(Reuters) – Iran leased oil storage at Dalian port in China earlier this year and has made at least two deliveries of crude from there to India and one to South Korea, according to sources with knowledge of the matter.
Iran, besides having to cope with western sanctions that have cut its oil exports by more than half, has been battling along with other Middle East producers to hold onto market share in Asia as softening global prices have hit its economy.
Saudi Arabia and the United Arab Emirates have already been leasing storage in Japan and South Korea for a number of years to give them supply depots near their largest customers.
Iran’s lease of oil storage in China came to light in August when Indian customs questioned state oil company National Iranian Oil Company (NIOC) about a cargo of crude for delivery to Mangalore Refinery and Petrochemicals Ltd, said an Indian government official and industry source.
The vessel carrying the cargo, the Varada Lalima, had appeared to come from Malaysia, but the loading port was listed as being in Iran, the two said.
“Then NIOC told customs the vessel had come from Malaysia and the parcel had been loaded in China where they have storage,” said the Indian industry source.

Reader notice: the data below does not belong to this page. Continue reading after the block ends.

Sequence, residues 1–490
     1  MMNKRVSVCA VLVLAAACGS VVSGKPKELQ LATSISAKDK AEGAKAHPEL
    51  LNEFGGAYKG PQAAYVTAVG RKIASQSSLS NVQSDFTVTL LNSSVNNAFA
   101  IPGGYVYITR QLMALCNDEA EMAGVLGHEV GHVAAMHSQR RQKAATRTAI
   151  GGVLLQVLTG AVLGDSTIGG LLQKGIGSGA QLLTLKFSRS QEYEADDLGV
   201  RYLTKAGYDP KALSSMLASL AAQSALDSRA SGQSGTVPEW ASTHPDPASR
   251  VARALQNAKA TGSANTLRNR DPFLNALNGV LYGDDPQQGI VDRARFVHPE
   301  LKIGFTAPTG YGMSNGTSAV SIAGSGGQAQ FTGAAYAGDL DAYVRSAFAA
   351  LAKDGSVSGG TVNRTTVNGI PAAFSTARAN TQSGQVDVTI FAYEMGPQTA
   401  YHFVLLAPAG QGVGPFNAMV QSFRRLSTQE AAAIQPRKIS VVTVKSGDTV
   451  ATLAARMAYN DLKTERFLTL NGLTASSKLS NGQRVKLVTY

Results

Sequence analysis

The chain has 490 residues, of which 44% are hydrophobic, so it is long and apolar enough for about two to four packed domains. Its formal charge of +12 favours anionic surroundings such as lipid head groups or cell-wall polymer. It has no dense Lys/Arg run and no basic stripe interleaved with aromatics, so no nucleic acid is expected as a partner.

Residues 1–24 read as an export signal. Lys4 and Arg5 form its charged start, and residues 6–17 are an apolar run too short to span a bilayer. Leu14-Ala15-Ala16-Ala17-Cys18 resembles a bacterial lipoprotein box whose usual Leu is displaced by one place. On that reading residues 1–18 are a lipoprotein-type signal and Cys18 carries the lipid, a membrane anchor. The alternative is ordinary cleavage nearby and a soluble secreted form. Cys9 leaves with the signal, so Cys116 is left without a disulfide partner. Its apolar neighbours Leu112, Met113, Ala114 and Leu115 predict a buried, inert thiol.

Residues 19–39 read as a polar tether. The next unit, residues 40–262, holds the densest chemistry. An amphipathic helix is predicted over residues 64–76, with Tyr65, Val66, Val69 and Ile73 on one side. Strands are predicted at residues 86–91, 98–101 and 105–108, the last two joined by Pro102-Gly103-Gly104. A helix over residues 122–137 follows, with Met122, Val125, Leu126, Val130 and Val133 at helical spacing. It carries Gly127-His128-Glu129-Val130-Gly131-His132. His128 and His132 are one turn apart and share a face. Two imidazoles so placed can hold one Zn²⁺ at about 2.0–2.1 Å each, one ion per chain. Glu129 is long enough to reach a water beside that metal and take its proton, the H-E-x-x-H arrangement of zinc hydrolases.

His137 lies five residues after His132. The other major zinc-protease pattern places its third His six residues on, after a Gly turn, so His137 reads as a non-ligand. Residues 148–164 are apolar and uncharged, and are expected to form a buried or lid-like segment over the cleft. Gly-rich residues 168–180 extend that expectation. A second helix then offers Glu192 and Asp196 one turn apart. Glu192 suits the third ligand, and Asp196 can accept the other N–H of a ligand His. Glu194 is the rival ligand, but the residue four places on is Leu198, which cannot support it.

NIOC has been leasing tanks for oil in the northeastern port of Dalian since earlier this year, confirmed a Beijing-based source with direct knowledge of the storage deal.
The oil is held in bonded tanks, and can be sold into China or transhipped, the Beijing source said. The leases were primarily to serve North Asia, said the source, adding that at least one delivery had been made to South Korea.
Ship tracking data available on the Thomson Reuters terminal shows the Singapore-flagged Varada Lalima, which the Indian government source said was carrying 90,000 tonnes of Iran’s Norouz crude, left China in May and arrived in India in August.
Documents seen by Reuters also show the vessel Sanchi with 145,500 tonne of Iran heavy oil was loaded from Dalian and reached India on Oct. 26.
Western powers and Iran are in talks this week to hammer out a final deal to lift all sanctions against Tehran in exchange for curbs to its nuclear programme.
The sanctions have cut Iran’s oil exports to around 1 million barrels per day from about 2.2 million bpd in 2011.
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